have at least one function which is the main() function. Now I have the
source code of a C++ program from someone else. But whatever I am doing
to search for the main function, I can not find it. There is a very short
description of the program in a Readme file where it says that the main
program is located in a class "MytoolApp". I've had a look in this class
which seems to be derived from the "CWinApp" class. What is a "CWinApp" class
? I could not find any function called main() in this "MytoolApp" class.
Can anyone explain this to me ?


There are two ways a C++ program can apparently or actually be without a
'main' function, and both probably apply in your case.

First, that you're using an application framework that has a 'main'
function that in turn calls a function (e.g. a member function) in
your code. If you don't have the application framework source code
you'll not see 'main' anywhere. Even though it might be there.

Second, the standard differentiates between _hosted_ and _freestanding_
implementations of the language. Freestanding is meant for e.g. embedded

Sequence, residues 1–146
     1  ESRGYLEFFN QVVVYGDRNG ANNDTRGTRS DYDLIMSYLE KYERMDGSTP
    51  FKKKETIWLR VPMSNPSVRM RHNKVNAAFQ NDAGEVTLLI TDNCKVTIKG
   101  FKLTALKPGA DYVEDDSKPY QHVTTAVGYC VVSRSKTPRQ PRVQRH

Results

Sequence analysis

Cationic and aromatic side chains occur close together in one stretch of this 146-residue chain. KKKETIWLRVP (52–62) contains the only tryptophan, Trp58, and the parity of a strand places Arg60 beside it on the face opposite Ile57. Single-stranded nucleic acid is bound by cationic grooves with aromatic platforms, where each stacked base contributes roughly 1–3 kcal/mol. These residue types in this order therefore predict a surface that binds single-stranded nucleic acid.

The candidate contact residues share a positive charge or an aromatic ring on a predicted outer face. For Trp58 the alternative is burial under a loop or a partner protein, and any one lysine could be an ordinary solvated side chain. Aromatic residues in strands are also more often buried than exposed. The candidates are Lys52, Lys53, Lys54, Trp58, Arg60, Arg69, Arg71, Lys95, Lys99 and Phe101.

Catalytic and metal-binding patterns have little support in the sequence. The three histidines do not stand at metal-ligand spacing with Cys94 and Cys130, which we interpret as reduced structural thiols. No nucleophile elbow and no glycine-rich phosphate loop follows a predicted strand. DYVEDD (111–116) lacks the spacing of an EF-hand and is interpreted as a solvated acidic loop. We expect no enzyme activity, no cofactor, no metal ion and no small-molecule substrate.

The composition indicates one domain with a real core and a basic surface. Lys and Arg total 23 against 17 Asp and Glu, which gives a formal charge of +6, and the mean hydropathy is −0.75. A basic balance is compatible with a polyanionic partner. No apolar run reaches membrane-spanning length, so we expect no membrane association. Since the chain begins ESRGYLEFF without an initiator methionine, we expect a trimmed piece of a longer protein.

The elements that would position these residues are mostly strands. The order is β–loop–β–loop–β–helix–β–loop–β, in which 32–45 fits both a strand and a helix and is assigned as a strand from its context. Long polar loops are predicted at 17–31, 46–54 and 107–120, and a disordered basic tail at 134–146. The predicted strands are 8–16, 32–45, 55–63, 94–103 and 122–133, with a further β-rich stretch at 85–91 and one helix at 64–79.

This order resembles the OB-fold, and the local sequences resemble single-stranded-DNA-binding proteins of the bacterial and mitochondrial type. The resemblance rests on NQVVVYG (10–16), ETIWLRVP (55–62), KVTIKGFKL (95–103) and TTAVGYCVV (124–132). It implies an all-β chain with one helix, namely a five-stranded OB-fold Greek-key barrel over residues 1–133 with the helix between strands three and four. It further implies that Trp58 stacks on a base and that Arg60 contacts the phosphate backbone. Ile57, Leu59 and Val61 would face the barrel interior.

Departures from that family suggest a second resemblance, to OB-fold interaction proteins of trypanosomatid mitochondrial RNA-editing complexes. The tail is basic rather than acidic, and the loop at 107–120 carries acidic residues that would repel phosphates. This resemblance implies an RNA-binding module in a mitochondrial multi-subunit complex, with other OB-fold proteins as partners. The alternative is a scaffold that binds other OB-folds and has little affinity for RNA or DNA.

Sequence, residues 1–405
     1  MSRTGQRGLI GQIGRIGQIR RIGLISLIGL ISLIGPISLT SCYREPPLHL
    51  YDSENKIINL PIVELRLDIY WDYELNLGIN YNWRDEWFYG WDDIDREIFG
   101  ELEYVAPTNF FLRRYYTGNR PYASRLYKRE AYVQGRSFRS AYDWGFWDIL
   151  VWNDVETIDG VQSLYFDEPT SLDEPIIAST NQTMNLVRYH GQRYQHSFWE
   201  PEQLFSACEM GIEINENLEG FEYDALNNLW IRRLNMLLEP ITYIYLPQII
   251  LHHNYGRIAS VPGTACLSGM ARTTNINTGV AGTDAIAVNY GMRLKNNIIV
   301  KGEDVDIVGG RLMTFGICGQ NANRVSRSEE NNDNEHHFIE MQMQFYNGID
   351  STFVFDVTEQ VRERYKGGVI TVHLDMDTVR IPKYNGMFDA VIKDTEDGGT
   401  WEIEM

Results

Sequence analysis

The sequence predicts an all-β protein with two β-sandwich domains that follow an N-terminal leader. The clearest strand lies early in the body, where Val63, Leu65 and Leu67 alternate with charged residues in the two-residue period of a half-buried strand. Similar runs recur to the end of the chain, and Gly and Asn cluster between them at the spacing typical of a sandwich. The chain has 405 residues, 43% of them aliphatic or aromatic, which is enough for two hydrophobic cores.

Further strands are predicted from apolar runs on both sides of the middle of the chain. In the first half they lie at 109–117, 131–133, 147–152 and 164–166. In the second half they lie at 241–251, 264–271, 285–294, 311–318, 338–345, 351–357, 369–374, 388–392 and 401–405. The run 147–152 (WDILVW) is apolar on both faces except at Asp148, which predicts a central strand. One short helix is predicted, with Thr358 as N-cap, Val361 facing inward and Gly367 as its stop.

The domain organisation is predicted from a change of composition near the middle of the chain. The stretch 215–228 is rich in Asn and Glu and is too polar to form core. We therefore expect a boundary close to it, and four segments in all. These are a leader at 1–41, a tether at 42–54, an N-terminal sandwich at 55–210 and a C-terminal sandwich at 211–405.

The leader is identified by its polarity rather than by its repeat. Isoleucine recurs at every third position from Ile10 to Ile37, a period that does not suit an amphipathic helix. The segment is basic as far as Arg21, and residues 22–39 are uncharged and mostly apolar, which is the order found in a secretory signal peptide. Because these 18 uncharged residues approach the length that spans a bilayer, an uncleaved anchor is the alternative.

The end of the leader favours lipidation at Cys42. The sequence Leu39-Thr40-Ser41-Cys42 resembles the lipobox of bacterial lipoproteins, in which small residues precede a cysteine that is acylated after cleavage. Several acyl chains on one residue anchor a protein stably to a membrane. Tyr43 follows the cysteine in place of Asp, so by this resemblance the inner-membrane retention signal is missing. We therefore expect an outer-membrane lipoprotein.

systems programming, where it's impractical to provide all the features
of the standard library, or even a 'main' function. For purposes of formalism
most Windows C++ implementations must be regarded as freestanding, because
they allow and to a certain practical extent require other startup functions
than 'main', e.g. 'wmain', 'WinMain' and 'wWinMain' (a Microsoft convention);
and these names might be hidden in macros, e.g. 'tmain' (a macro).

What you have seems to be an MFC Windows GUI application, as Jack Klein
pointed out, and if so then both apply: first, you're using an application
framework that provides the startup function, and second, the C++
implementation is a freestanding one where most probably the startup function
is not 'main' but (non-standard, implementation-defined) 'WinMain'.

Hope this helps,

- Alf

--
A: Because it messes up the order in which people normally read text.
Q: Why is it such a bad thing?
A: Top-posting.
Q: What is the most annoying thing on usenet and in e-mail?
Jul 23 '05 #5